- Among individual member states, the percentage of the highly anxious who share this view ranges from 57% in Germany to 72% in Spain.
- In most member states, support for this claim among this group ranges from the mid-50% to the mid-60%. (Germany 57%, Italy 58%, France and Belgium 60%, and the Netherlands 65%).
- Only in Poland (71%) and Spain (72%) do we see an above-average high percentage of the highly anxious expressing agreement.
- 76% of highly distressed Europeans agree that only Ukrainians can decide when to negotiate.
- Among individual member states, the percentage of the highly anxious who share this view ranges from 66% in Italy to 89% in Poland.
- In most member states, support for this claim among this group is in the mid-70% range (Germany 72%, the Netherlands 75%, and Belgium and Spain 77%).
- Italy is the outlier in this regard, with only 66% of highly anxious Italians expressing agreement with this statement.
- More than 80% of the highly anxious in France (84%) and Poland (89%) feel it’s up to the Ukrainians to decide when to fight and when to negotiate.
- 37% of distressed Europeans believe sanctions are an effective instrument; 43% consider them ineffective and 20% say they don’t know.
- Among individual member states, the percentage of the highly anxious who believe the sanctions are effective ranges from 28% in Italy to 59% in Poland.
- At 52%, distressed Germans are most likely to express a lack of faith in sanctions while this is true of only 26% of distressed Poles.
- Many anxious Europeans across the EU as a whole and within individual member states are unsure if sanctions against Russia will prove effective; this group is smallest in Poland (15%) and largest in France (25%).
- 66% of highly distressed Europeans state that Russia bears primary responsibility for the war; 13% say they don't know; 11% believe the United States is responsible, while 6% place the blame with NATO and 4% with Ukraine.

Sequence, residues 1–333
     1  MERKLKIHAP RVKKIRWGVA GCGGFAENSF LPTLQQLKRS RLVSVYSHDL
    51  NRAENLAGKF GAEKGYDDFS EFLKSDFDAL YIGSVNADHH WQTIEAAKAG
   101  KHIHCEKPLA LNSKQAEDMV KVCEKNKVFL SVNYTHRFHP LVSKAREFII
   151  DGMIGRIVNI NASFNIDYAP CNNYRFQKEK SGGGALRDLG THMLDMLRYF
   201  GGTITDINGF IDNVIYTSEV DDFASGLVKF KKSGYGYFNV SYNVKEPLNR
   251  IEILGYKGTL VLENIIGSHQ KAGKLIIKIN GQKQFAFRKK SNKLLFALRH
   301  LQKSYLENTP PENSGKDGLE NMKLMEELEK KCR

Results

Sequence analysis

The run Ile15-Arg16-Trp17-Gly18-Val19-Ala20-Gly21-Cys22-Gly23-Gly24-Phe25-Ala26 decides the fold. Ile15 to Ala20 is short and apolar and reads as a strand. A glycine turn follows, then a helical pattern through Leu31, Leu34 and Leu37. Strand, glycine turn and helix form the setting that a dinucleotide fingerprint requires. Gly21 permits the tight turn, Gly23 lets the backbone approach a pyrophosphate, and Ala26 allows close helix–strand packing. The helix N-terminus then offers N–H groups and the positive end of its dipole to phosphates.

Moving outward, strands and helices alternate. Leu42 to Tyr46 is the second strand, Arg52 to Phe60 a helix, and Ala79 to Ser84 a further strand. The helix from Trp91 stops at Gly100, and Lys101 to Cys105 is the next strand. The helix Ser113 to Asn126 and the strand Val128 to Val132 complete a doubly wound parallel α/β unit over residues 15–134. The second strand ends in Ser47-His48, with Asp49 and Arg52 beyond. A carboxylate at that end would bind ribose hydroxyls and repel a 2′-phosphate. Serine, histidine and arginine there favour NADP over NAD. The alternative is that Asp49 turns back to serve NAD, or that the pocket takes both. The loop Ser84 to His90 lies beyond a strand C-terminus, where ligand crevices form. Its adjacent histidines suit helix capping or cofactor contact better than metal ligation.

- Among individual member states, the percentage of the highly anxious who believe Russia bears responsibility ranges from 51% in Italy to 87% in Poland.
- Those who are unsure of who to blame constitute the second largest group across the EU and in each member state individually (Italy 20%, Poland 6%).
- A total of nearly 20% across the EU and in individual member states blame the either US, NATO, or Ukraine for the war. This group is largest in Italy (29%) and smallest in Poland (7%).
Nostalgia and anxiety are powerful political tools. They enable political entrepreneurs with populist tendencies to garner support under the guise of regaining things perceived to have been lost. Nostalgia and anxiety also fuel their ability to reaffirm certain values and identities that are being challenged by the rapid pace of societal change. Bemoaning “the decline of a golden age,” these actors breed divisiveness as they rely on in-group favoritism and ethnocentrism to promise a future that is steeped in a revisionist past.
In politics, anxiety and nostalgia can be feared or hoped for. Crisis situations often offer those in power the opportunity to profit, initially, from effects associated with a “rallying around the flag.” However, as the initial shock of a crisis subsides and its impact deepens and broadens, politicians mostly tend to fear the potential for a radicalization of the public by populist political opponents. This, in turn, risks getting in the way of the leadership and decision-making practices that are needed at critical junctures.
Russian President Vladimir Putin has re-introduced a toxic rhetoric of imperial nostalgia to the international stage, which has been escalated by his invasion of sovereign Ukraine in February 2022. His ongoing territorial war has sent shock waves across the European continent, evoking past traumas of war, displacement and destruction.
Today, Europeans are simultaneously exposed to the siren of the “good old times” and the horrors of the “good old times.”
How does this current state of affairs affect their views and attitudes?
The eupinions figures presented here aim to shed light on the questions as to whether Europeans feel concerned about the war in Ukraine and whether they align with the arguments and claims brought forward in support of the country. In a second step, we explored the extent to which those who are nostalgic and anxious respond differently to these claims and arguments than does the general public.
In short, we found the following: